The Daily Tar Heel

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Sunday January 17th

Pit Talk

Founding Clef Hangers come home

Tom Terrell was one of the founding members to first don the now famous Clef Hangers’ bow tie, vest and the very first button.

35 years later he still has that button, and he’s back to emcee the Clefs’ spring concert this Saturday night in Carmichael Arena.

This will be the first time that a student group has ever preformed in Carmichael.

Daniel Potter, the current president of the Clefs, said it is an honor to get to preform in such a historic building.

“We’re very excited for this opportunity, and we know that it’s the result of a lot of hard work,” he said.

Barry Saunders founded the group in 1977. He said while there were other music groups on campus, there weren’t any a cappella groups.

So with a stack of old arrangements from Yale’s a cappella group, the Alley Cats, he set out to do what he called “drum something up.”

Terrell said Saunders approached him and asked if he wanted to join.

“That moment when Barry bumped into me was one of those wonderful accidents that changed my life,” Terrell said.

“We didn’t know who we were or exactly what we were doing, but we agreed to follow Barry.”

Terrell said when they were first starting out, they had to create their own audiences.

“We would run into one of the girls’ dormitories after hours and sing, and they would come running down the halls,” he said.

Saunders said one difference in the Clefs today is the level of talent and commitment.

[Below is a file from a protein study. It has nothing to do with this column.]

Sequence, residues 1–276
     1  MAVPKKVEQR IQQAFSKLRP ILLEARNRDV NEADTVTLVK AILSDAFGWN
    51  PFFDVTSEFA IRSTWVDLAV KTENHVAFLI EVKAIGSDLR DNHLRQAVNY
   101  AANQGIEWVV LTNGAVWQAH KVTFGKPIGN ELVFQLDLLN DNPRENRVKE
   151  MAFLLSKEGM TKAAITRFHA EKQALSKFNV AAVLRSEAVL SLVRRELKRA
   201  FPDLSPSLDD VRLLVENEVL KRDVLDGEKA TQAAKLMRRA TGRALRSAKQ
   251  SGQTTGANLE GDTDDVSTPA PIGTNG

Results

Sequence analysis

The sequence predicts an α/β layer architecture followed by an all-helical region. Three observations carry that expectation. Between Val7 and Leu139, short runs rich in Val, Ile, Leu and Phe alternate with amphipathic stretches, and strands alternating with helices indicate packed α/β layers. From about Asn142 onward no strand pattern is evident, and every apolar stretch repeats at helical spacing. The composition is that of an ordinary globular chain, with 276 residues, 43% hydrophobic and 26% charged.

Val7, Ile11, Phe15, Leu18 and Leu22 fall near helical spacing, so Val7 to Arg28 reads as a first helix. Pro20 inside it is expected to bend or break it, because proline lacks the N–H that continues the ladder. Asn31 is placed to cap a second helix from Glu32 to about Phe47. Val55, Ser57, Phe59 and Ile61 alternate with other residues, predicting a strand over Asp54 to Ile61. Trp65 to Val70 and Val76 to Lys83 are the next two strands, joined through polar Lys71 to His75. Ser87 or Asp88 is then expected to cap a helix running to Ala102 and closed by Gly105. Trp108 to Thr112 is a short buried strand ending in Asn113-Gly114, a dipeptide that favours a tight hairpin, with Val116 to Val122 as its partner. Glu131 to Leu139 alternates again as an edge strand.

“We had some terrific musicians, but some of us were more enthusiastic than gifted — I’ll include myself in that,” he said.

“We were a little more ragtag.”

Terrell said another key change for the group occurred when they began arranging their own music and adding vocal percussion.

“They then started attracting singers who are outstanding pop soloists who could sing with any band on the radio,” he said.

“They have become much more disciplined, hard working, serious about the music.”

Terrell said he had no idea of what they would have become all these years later.

“There was this magic point in the late 80’s when I was back for a Clef concert at Memorial Hall,” he said.

“It was sold out, and somebody was out there scalping a ticket — it blew me away.”

Porter said he is most looking forward to carrying out the Clef’s tradition of preforming songs picked by the seniors at the concert.

“It really gives insight into the brotherhood of the Clefs, into who we are and why we do what we do,” he said.

Porter said he loves being part of this Carolina legacy.

“It’s humbling because so many people paved the way for you, but that you can improve and grow the influence and leave the group better than you’ve found it,” he said.

“We try to be the next step in the evolution of the group.”

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